I agree wholeheartedly with your last statement. Actions speak louder than words, and betray actual belief, as opposed to stated belief. If I had to choose an association I would do so first on stated belief, but watch closely to determine if actions matched. But as a preliminary guide to association I would consider attitude and demeanor. I have met self described libertarians who made me nervous with their aggressive, confrontational manner. I sensed a lot of anger and need to "act out". I'm not sure I would want to live in a community filled with these heavily armed people. I am considered confrontational by many statists. But I use words, in a respectful way, without attacking the person. That said, if at a social gathering where someone wanted to introduce me to a highly respected authoritarian type such as Harry Reid or just a sell out like Alan Greenspan, I would refuse. I would/could not smile and shake their hand. I hold society and the individuals who support it in contempt. I do not know how I am perceived by the general public. I am probably considered to be a malcontent who complains about everything. I feel like I am living in an alien world. I do enjoy the people at Libertopia. In conclusion, I care less about what a person says, but more about what he does, e.g., does he "live and let live"?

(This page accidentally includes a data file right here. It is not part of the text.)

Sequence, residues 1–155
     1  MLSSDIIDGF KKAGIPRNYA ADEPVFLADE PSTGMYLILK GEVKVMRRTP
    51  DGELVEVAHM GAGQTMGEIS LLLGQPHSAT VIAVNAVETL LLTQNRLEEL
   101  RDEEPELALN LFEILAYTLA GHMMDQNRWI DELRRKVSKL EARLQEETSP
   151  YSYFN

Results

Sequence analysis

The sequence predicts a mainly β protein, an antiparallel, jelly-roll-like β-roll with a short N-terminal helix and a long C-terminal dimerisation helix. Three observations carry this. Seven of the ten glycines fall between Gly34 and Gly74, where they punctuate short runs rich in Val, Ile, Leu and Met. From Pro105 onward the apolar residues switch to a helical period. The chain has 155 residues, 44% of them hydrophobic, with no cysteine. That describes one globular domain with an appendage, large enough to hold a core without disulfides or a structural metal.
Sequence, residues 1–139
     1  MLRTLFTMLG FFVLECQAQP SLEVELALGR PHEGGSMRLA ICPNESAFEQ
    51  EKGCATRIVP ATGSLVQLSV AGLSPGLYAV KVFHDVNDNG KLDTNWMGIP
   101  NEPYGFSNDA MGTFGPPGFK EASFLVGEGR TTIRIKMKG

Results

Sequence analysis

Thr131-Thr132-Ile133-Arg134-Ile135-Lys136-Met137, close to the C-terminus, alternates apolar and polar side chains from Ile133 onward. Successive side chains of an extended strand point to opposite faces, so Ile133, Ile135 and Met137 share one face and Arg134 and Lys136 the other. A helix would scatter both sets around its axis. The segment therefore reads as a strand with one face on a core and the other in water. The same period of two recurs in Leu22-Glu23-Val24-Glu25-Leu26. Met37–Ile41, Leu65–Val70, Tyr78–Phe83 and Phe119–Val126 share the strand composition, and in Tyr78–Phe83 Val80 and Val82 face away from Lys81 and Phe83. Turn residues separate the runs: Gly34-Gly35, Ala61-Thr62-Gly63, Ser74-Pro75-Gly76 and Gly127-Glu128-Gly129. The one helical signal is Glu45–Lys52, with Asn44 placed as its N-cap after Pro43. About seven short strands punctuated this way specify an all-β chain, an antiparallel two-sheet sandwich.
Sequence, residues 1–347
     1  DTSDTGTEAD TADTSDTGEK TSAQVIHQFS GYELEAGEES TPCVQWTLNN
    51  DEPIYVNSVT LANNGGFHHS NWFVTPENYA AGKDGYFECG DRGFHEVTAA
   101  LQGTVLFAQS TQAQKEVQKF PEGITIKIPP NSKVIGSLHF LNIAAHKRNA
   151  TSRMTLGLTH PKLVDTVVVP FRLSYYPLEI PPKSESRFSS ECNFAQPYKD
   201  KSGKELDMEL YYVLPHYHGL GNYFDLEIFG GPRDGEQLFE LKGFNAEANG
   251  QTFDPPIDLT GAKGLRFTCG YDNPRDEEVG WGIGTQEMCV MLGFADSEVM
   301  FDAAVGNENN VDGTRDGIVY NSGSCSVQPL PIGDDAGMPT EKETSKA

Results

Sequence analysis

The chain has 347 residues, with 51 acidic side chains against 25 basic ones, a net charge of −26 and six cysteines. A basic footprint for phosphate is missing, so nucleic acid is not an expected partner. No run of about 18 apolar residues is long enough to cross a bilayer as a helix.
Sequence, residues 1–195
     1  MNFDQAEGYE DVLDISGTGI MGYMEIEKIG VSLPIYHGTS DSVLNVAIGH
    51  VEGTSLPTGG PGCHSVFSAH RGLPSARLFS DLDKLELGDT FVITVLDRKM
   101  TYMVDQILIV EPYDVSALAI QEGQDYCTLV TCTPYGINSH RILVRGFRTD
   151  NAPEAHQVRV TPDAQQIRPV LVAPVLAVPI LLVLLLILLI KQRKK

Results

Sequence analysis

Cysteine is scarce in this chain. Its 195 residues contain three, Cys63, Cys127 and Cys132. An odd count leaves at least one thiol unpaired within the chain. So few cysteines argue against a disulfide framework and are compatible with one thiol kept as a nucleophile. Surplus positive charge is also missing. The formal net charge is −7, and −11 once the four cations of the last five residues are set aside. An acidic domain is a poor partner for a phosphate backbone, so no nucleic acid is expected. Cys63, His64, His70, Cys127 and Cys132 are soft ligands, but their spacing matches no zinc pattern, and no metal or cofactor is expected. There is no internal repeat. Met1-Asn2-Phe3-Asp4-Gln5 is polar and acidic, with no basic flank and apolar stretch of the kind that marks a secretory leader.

• voluntaryist's picture
    voluntaryist 4 years 32 weeks ago
    The God Question
    Page Jim Davies
    S2: Can "god" be defined rationally? I have yet to read such a definition. Yet I consider myself a freethinker, e.g., one who "follows the light of nature and reason". That said I respect and love my wife who is a deist. She cannot define "god" but believes in "something". I do not try to change or challenge her. It has not been a problem in thirty years.
  • voluntaryist's picture
    voluntaryist 4 years 32 weeks ago
    The God Question
    Page Jim Davies